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Date: 1696

"From him I had the foregoing story, which perhaps to you might sound Romantick, because I so punctually related each particular; but my hearing it often from this Prince Alphonsus, had deeply impress'd every circumstance in my memory."

— Pix, Mary (c.1666-1720)

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Date: 1697

"But when Ulysses, with fallacious arts, / Had made impression in the people's hearts,"

— Dryden, John (1631-1700)

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Date: 1697

"If all Cogitation be extinct, all our Ideas are extinct, so far as they are Cogitations, and seated in the Soul: So we must have them new imprest; we are, as it were, new born and begin the World again"

— Burnet, Thomas (c.1635-1715)

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Date: 1697

"We are not pleas'd a glorious World to know, / Whereof our Senses no Impression show."

— Blackmore, Sir Richard (1654-1729)

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Date: 1697

"At such Reflections do's not Nature start, / And try at every Spring to touch your Heart? / Do's not soft Pity's fire begin to burn, / Do not your yearning Bowels in you turn? / In such a case Breasts arm'd with temper'd Steel / And Hearts of Marble, should impression feel."

— Blackmore, Sir Richard (1654-1729)

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Date: 1697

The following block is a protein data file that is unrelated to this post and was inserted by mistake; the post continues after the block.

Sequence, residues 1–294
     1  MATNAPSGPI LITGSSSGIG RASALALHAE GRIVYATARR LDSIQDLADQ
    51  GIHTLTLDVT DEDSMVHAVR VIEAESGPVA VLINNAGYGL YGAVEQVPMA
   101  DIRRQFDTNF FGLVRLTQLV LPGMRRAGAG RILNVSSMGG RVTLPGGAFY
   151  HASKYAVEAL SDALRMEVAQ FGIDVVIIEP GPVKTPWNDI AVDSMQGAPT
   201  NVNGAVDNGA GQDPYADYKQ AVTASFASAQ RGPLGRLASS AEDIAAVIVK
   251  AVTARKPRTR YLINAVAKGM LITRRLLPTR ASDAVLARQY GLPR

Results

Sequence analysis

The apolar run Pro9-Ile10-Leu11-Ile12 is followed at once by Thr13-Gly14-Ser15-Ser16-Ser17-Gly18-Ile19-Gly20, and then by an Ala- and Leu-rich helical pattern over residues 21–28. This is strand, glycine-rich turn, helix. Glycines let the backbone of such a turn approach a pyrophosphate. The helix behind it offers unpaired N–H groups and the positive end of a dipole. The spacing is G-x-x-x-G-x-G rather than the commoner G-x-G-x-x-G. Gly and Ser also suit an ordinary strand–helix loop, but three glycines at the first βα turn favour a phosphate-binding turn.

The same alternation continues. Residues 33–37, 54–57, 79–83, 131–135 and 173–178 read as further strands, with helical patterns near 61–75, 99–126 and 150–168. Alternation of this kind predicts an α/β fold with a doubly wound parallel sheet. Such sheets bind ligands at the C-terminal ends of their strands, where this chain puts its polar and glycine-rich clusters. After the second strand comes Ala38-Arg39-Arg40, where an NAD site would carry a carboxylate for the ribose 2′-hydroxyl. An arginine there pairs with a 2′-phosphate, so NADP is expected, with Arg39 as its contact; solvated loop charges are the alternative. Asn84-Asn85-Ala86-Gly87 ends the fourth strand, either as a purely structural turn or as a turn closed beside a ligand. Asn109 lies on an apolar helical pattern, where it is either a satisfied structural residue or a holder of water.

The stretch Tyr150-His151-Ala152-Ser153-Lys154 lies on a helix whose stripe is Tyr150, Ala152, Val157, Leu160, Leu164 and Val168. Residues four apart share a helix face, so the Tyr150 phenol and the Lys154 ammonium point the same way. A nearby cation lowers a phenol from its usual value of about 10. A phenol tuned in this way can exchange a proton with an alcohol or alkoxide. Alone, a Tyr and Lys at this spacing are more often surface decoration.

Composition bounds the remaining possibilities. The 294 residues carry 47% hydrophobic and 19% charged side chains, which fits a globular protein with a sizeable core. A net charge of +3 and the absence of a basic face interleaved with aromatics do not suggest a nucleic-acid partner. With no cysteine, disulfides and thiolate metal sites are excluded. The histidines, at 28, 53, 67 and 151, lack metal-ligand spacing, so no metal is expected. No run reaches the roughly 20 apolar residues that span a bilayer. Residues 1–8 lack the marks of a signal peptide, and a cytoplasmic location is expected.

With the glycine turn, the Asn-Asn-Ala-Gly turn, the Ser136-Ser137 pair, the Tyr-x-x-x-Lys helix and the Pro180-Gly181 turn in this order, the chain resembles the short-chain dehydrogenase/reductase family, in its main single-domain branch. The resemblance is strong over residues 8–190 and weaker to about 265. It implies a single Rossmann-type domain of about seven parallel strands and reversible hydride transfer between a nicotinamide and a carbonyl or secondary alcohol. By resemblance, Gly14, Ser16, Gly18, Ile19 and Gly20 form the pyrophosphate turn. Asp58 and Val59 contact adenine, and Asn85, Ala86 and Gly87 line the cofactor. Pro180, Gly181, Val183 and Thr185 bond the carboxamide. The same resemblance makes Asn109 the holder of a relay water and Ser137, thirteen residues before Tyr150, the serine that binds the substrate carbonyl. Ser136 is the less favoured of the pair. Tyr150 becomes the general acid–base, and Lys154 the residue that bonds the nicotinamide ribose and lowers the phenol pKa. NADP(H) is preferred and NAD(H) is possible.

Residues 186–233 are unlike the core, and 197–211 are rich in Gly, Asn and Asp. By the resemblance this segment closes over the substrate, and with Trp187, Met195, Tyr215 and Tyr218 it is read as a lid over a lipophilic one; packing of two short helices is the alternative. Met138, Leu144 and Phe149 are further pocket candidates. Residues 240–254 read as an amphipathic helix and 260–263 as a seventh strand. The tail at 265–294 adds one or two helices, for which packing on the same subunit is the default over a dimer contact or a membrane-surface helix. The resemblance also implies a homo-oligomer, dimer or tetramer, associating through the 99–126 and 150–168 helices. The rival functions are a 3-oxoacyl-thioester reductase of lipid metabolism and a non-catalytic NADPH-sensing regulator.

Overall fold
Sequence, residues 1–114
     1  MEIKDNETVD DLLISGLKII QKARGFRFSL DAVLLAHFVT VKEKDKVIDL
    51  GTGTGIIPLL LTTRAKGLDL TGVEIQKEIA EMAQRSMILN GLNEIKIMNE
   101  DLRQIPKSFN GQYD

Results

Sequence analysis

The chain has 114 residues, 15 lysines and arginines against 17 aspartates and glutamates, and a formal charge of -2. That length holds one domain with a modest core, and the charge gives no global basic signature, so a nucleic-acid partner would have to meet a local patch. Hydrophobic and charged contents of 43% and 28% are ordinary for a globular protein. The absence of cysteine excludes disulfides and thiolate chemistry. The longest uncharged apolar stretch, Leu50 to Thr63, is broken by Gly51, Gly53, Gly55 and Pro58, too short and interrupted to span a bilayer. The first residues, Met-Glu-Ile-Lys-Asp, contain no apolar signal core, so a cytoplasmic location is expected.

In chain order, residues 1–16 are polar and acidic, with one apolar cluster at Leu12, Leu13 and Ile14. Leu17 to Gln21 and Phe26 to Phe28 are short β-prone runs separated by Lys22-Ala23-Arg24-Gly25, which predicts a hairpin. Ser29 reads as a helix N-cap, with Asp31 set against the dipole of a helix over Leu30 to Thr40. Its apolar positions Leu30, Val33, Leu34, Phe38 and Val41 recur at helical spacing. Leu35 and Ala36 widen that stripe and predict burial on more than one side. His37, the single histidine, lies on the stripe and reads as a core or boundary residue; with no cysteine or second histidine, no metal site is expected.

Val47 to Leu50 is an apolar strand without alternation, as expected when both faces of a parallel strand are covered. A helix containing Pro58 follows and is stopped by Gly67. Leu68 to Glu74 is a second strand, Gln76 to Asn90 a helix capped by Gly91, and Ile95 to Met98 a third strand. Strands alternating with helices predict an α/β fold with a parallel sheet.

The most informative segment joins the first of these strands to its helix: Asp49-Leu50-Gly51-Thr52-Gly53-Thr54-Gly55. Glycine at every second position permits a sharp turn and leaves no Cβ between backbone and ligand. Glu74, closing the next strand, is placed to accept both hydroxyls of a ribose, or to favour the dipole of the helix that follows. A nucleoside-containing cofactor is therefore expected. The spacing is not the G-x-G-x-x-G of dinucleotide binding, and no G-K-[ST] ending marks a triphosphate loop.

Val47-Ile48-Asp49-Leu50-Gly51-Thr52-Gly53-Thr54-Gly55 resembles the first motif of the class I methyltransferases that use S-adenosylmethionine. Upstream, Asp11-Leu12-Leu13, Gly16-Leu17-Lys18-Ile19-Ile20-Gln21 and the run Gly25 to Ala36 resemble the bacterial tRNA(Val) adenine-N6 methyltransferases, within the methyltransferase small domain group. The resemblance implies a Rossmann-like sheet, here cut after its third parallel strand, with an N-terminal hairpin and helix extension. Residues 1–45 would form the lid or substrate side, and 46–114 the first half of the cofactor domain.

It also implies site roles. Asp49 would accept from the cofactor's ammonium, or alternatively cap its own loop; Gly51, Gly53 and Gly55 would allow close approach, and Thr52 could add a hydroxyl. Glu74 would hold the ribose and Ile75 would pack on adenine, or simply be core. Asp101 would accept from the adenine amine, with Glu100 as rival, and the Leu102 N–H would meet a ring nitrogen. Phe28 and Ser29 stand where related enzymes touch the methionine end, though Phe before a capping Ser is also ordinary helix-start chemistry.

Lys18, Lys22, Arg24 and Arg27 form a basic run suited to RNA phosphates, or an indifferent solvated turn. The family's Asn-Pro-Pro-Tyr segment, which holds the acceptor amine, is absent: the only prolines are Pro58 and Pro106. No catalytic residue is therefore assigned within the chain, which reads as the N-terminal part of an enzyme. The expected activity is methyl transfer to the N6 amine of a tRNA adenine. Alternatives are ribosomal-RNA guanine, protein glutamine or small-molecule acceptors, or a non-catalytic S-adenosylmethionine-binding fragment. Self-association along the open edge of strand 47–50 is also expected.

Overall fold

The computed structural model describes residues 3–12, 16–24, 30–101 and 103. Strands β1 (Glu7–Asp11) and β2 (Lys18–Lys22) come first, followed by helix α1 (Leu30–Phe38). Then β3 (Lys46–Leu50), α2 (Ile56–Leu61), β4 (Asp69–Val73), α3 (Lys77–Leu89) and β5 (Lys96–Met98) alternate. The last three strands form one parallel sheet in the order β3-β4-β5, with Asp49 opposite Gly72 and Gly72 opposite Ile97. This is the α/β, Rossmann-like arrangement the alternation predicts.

"Let every thing we desire to remember, be fairly written and distinctly, and divided into Periods with large Characters in the beginnings for by this means we shall the more readily imprint the Matter and Words in our Minds, the more remarkable the Writing appears to the Eye."

— D'Assigny, Marius (1643-1717)

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Date: 1697

" Let these Characters, or Beginnings of every Period, be well imprinted in our Minds, for they will quickly bring thither the whole Discourse also."

— D'Assigny, Marius (1643-1717)

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Date: 1697

"For this Similitude will certainly imprint the Thing or Person so in our Mind, that if we do casually forget, we shall the more easily recover the lost Idea; because the Idea that we have already in Memory, and that hath a resemblance and relation to that which is absent in some known Particular...

— D'Assigny, Marius (1643-1717)

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Date: 1697

"We may imprint in our Minds, and fix things in Memory, by thinking upon their Contraries or Opposites; and we may by the same means better remember things that are almost blotted out of our Imagination."

— D'Assigny, Marius (1643-1717)

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Date: 1698

"And, my Reason is, because, unless Men take Principles along with them, to guide their Thoughts right, and keep an Attentive Eye to them, while they thus Meditate; 'tis to be fear'd, their long Meditating will, by its frequent Dints, so imprint and fix what you have told them, in their Brain; an...

— Sergeant, John (1622-1707)

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The Mind is a Metaphor is authored by Brad Pasanek, Assistant Professor of English, University of Virginia.